Photograph courtesy of Catherine Wong

The organizers were about to dismantle the timing gantry when I got to the finish.  I think I was the last finisher to get an official time.  Just a hair outside 7 hours and 30 minutes.

I could have used a spray down at the end of this ride, but the fire truck was long gone by the time I finished.  Not even a wet patch on the road remained to show that they had been there.

Pulau Indah 180 2016 Bomba Cycling Malaysia Magazine

Photograph courtesy of Cycling Malaysia Magazine

For those of you into numerology, check out my ride number.

Pulau Indah 180 2016 Medal

Unfortunately it was D007 that won a prize in the post-ride lucky draw!

Kedah Century Ride 2015

Kedah Century Ride 2015 Banner

Four Flipsiders made the trip to Alor Setar for the Kedah Century Ride.  Everyone’s bikes were loaded into Keat’s truck.  Mark’s Tommasini, Keat’s Scott, Marco’s Hasa, and my Ritchey.  Marco and Mark handled driving duties during the 450km trip from Kuala Lumpur to Alor Setar.

Photograph courtesy of Marco

Photograph courtesy of Marco

My biker chick was a student at Universiti Utara Malaysia in Sintok, which is about 50 kms from Alor Setar.  When I told her I was riding in Alor Setar, she made plans to meet up with some of her university mates who now live and work in the area.  She and I decided to fly rather than drive.

Coincidentally we arrived at the hotel just as the guys were unloading the truck.  Once we were checked in and the bikes were safely stored in our rooms, we went looking for food.  The road-trippers hadn’t had lunch yet.

We didn’t have anything particular in mind, so we explored along Jalan Anak Bukit.  This roadside stall on the corner of Jalan Madrasah caught our attention.

Photograph courtesy of Marco

Photograph courtesy of Marco

I ate lunch before I boarded the flight, but the food looked too good to pass up.  Everyone agreed that this was some of the best tandoori chicken, naan and chapati we had ever eaten.

Photograph courtesy of Marco

Photograph courtesy of Marco

With blood sugar levels restored, we went to the TH Hotel and Convention Centre to collect our goodie bags.

We bumped into cycling friends, as always happens when collecting ride packs.  This time it was a group of Tyrell small wheel bike riders from Van’s Urban Bicycle Co.  Cindy and William joined Mark and I to check out what swag came along with our ride numbers.

Photograph courtesy of Marco

Photograph courtesy of Marco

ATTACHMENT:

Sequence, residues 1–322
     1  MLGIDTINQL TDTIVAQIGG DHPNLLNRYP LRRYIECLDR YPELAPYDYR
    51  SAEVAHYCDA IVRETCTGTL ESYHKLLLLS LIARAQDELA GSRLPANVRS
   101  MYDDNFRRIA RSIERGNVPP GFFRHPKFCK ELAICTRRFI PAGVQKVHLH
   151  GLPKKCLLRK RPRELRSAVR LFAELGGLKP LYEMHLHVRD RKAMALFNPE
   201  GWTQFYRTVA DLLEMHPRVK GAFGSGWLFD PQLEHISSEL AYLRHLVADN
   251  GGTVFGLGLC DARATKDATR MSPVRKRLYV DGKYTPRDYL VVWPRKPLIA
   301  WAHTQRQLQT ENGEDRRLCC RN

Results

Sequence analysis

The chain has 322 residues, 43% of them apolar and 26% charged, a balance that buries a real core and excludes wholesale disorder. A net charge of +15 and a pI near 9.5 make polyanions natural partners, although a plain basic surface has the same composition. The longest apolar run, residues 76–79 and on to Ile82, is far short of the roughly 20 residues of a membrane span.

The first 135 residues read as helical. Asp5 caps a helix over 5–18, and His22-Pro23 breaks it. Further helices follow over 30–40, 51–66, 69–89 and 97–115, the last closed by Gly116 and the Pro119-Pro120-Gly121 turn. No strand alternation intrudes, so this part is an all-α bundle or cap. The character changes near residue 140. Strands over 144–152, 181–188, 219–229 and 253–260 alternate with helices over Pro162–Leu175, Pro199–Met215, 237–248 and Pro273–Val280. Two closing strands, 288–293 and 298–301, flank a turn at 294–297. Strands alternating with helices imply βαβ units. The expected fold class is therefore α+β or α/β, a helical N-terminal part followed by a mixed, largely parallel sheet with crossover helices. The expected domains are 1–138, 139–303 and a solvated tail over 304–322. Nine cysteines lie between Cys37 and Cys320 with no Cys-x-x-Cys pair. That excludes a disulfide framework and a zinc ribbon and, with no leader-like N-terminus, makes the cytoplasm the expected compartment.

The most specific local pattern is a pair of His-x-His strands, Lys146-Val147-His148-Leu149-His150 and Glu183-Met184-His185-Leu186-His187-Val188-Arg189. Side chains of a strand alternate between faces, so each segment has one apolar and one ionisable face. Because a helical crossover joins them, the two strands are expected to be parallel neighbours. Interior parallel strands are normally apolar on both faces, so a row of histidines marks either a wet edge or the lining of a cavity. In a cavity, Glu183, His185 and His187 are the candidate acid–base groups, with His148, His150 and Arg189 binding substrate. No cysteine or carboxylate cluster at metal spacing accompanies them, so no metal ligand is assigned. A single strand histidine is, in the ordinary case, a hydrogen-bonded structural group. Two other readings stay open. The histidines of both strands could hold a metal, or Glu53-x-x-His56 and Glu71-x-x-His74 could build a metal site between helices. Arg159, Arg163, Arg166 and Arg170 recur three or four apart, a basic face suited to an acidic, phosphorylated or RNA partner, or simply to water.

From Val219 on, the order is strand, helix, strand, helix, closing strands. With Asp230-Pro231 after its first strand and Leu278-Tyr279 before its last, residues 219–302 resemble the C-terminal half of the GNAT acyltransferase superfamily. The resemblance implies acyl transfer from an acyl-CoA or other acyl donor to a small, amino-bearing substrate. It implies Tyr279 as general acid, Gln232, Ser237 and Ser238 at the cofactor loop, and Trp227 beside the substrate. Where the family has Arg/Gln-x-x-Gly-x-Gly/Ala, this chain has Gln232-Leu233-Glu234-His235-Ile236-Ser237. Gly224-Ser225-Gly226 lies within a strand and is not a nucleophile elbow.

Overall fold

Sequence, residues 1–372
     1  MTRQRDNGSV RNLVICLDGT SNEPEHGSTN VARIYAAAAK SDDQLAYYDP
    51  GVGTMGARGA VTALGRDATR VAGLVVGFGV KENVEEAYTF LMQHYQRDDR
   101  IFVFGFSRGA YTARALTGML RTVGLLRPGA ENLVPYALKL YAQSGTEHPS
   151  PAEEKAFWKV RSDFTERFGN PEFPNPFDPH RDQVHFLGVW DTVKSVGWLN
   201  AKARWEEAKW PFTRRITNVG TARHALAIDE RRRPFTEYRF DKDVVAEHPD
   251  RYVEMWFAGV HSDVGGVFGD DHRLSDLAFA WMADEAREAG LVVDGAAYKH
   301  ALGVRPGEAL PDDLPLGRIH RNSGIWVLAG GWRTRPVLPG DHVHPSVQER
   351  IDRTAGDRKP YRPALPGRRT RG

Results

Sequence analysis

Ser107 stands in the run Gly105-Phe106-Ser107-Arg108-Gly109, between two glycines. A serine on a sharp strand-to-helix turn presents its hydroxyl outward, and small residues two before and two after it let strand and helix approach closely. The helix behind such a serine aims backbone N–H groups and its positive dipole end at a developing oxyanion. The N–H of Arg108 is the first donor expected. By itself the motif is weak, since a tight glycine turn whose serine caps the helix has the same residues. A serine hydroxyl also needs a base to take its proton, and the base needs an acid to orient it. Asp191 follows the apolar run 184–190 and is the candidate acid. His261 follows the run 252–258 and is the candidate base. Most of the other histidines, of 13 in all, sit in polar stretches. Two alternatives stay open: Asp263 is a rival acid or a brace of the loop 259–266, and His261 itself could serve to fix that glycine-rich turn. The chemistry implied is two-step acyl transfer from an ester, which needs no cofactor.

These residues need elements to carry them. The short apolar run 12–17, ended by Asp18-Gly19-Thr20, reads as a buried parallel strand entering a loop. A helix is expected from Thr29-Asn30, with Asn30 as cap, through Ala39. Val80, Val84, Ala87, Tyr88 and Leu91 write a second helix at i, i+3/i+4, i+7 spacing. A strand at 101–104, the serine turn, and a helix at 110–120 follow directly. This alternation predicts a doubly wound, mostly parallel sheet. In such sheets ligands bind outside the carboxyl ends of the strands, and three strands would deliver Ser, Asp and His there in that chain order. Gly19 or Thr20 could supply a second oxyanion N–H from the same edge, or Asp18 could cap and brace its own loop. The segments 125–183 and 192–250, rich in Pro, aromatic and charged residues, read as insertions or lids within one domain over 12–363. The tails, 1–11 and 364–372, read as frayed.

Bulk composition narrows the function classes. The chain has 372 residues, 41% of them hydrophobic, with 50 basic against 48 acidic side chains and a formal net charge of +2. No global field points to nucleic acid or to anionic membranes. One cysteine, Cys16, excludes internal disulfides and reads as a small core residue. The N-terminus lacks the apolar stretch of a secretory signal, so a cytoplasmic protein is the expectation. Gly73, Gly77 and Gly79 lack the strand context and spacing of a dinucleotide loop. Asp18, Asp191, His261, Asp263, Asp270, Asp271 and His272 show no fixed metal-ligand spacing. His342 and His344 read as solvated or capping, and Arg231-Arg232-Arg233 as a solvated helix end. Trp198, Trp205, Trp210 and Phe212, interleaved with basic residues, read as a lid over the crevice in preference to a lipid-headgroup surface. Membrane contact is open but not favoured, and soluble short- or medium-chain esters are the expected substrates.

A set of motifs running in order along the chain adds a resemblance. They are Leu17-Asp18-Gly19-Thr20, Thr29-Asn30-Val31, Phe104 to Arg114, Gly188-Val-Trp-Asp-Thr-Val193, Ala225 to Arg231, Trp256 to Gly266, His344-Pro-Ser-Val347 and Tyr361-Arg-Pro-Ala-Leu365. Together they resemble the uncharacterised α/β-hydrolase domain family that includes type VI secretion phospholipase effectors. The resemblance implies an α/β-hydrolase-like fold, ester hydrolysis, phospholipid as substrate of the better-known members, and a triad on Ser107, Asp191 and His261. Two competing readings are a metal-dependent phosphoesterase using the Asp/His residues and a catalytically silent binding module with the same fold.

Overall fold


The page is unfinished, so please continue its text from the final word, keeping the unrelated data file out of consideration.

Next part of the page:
This goodie bag was better than some we have received in the past.  The jersey design for this ride was also one of the nicer ones.  Perhaps influenced by Garmin as one of the sponsors.

Kedah Century Ride 2015 Jersey

We noticed this place on the way to collect our goodie bags.  There were a number of road bikes leaning against trees and posts.

Kedah Century Ride 2015 Ameer Nasi Kandar

So no surprise that we were back there a few hours later for dinner.  There were a number of stalls under one roof, but Ameer Nasi Briyani was the only stall with a queue of at least a dozen people waiting to chose their food.  That queue got longer and longer while we were there.

Photograph courtesy of Marco

Photograph courtesy of Marco

And no wonder.  The food was very good.  And cheap.  My plate of briyani rice, fried chicken, chicken livers and half a salted egg cost me RM8 / USD2.20.

Photograph courtesy of Marco

Photograph courtesy of Marco

The next morning we rode the 10 km or so to the start of the ride at the Paddy Museum.

Photograph courtesy of Marco

Photograph courtesy of Marco

The Tyrell riders were there too, resplendent in their Knog jerseys.

Photograph courtesy of Marco

Photograph courtesy of Marco

As is often the case, we started late.  I do wish that event organisers and the dignitaries invited to officially flag-off these events would be on time.  Participants waste time waiting in the dark, and both riders and volunteers spend more time than necessary in the midday heat.

We got away about 25 minutes late.  Cindy and Dicky were just in front of the Flipsiders, who were in their customary position at the very rear of the group.